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leeds united accounts reveal £9.5m loss & £15m debt to gfh

leeds united accounts reveal £9.5m loss & £15m debt to gfh

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It’s time again for an annual event almost as exciting as the release of new fixtures: the release of Leeds United’s accounts.

There is additional scrutiny this year as it seems that only the purchase of the club by Massimo Cellino has prevented Leeds United from succumbing to administration for the second time in a decade.

The search for evidence of that in the twenty page document published at Companies House today is not definitive, as these accounts only take the club up to the end of June 2013; nine increasingly chaotic months have passed since then.

But the signs are there of what was to come. Payments to directors were up, including a £440k bonus to one; administrative expenses were up; and a new amount of £15,235,000 was owed to “related parties” – in other words, to Gulf Finance House.

The ‘Review of Business Activities’ sets the scene. Describing summer 2012 as “the biggest squad overhaul in almost a decade,” it takes us from that false start under Neil Warnock to the heady rush of Brian McDermott’s appointment: “Three wins from the final five games proved enough to secure our safety, and the season ended on a high note with a 2–1 win at promotion chasing Watford.”

The report highlights the changes off the field, too. “There was a change in ownership in December when Dubai-based GFH Capital completed a successful takeover of the club. The new owners made an immediate impact in re-engaging with the supporter-base, via both improved communication, and ticket offers and incentives.”

The impact of the last six months of Ken Bates and the first six months of GFH then follows: “The loss for the year after taxation was £9,552,000 (2012: £317,000 profit) for the company.” The overall loss for the year before tax and player transfers are taken into account was £11.6m; in 2012 that amount was £3.3m.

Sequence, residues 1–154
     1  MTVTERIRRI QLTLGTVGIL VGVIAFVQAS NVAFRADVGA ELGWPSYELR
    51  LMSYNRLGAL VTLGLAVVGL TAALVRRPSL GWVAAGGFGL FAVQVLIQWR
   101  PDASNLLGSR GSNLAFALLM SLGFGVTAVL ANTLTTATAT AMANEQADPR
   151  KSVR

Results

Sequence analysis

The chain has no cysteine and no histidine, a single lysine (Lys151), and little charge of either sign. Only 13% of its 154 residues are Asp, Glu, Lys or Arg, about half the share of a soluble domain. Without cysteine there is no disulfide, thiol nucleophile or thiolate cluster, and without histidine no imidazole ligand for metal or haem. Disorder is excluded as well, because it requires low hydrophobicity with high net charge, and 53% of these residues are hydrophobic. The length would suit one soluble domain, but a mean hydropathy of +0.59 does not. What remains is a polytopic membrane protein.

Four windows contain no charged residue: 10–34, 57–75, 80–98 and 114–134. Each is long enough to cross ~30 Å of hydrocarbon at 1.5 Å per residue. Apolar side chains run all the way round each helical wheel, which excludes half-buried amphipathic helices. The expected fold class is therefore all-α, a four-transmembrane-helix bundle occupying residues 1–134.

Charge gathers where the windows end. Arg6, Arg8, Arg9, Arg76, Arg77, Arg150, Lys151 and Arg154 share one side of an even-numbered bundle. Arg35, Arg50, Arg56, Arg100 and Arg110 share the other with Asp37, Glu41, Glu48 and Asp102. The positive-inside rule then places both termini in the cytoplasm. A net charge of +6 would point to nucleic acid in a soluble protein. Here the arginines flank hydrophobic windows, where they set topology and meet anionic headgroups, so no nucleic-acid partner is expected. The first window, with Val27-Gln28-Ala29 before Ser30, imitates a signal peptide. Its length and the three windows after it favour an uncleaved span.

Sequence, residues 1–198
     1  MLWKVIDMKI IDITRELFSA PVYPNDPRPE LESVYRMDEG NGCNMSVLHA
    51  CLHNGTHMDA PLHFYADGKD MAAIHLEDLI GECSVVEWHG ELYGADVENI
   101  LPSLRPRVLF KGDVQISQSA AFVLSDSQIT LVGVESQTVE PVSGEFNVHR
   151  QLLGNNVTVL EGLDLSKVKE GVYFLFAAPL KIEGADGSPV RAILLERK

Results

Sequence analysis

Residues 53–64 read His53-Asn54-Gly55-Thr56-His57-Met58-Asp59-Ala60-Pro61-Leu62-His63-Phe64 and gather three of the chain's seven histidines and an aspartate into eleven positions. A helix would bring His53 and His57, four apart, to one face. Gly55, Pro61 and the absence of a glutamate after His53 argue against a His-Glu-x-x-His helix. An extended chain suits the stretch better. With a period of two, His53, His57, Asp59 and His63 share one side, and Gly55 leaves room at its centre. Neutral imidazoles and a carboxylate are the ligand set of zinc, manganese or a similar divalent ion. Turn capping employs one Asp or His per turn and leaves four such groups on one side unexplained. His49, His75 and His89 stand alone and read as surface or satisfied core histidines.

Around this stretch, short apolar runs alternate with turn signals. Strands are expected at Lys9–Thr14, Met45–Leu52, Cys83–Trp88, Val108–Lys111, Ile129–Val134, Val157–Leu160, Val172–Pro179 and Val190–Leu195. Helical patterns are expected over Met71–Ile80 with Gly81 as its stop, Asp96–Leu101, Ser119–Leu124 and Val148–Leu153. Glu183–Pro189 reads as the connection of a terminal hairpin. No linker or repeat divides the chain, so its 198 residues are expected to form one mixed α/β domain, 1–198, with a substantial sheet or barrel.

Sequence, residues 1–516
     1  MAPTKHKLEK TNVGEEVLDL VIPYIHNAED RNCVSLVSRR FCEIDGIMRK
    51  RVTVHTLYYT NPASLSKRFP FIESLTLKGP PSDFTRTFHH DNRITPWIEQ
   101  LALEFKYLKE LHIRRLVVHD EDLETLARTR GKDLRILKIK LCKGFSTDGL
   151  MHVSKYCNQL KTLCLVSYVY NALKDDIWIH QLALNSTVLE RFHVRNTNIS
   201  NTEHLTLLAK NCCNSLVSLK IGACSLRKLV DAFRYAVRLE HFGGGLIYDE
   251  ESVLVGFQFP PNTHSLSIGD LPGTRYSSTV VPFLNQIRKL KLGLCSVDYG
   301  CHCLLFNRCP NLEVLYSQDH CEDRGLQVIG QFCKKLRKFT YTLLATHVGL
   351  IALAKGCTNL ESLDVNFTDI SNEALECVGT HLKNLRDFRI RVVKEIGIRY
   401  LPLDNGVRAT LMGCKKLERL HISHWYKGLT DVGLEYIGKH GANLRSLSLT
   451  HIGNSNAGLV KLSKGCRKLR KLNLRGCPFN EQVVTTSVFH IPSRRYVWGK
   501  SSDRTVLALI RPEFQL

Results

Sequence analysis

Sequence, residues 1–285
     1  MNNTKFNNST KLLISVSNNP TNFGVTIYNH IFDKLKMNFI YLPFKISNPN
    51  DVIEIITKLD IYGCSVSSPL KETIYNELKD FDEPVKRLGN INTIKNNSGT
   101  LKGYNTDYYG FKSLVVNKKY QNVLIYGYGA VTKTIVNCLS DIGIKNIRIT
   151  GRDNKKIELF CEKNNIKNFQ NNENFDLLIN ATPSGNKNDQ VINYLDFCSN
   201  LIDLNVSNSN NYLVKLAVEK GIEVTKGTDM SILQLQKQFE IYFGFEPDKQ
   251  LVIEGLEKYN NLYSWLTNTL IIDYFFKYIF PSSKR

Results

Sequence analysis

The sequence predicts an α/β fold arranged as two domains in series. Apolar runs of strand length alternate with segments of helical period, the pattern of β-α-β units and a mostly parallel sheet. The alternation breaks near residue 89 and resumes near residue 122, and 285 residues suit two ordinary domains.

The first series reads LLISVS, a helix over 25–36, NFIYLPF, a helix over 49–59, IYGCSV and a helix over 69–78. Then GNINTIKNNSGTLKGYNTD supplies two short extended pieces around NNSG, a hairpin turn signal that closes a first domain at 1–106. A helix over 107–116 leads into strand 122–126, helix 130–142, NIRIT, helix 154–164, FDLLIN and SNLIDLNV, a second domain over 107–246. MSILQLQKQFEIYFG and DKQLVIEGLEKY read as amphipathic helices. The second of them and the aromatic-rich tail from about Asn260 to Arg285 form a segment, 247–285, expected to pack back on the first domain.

The summarised performance indicators provide some background to how the club turned a £300k profit into a £9.5m loss in twelve months. Turnover decreased from £31m to £28.6m, “partly attributable to the agreement with Compass Contract Services (UK) Ltd which commenced during the year” – the outsourcing of the club’s catering that was one of Bates’ final manoeuvres. Merchandising income was down from £6.75m to £5.9m, while undisclosed “Adminstrative Expenses” were up, increasing 15% from £28.8m to £33.3m.

The Warnock factor also played its part, with a 7.7% decrease in average home attendances equating to a decrease in gate receipts from £11.3m to £9.7m; TV income was up from £696k to £825k – sorry you had to see that, watching public. Some of Warnock’s team building strategies are also evident in the details; future payments of £2.26m “May be payable dependent on the club’s promotion to the FA Premier League and/or players appearances for the club”; up from £1.14m the year before. The promotion bonus total also increased from £3.1m to £5m, although that seems fairly academic at the moment. £100,000 was paid to the El Hadji Diouf Help Fund, “a charity based in Senegal … [that] provides assistance to disadvantaged children in both Senegal and the United Kingdom.”

The wage bill had an important impact on the bottom line, although the largest increase was off the pitch. Overall wages, salaries and employee costs were up from £17.8m to £20m; but payments to directors increased from £312,000 to £753,938.

The make up of the board shifted significantly during the year, with resignations of Yvonne Allen, Ken Bates, Shaun Harvey and Peter Lorimer, and appointments of David Haigh, Salem Patel, Salah Nooruddin, and Hisham Alrayes, who resigned after this accounting period in September 2013.

The highest paid director in the period – who is not named, so you’re free to guess – took home a salary of £265,449, and “accrued a bonus of £440,000” during the year, of which £220,000 had been paid and £220,000 was still owed at 30th June.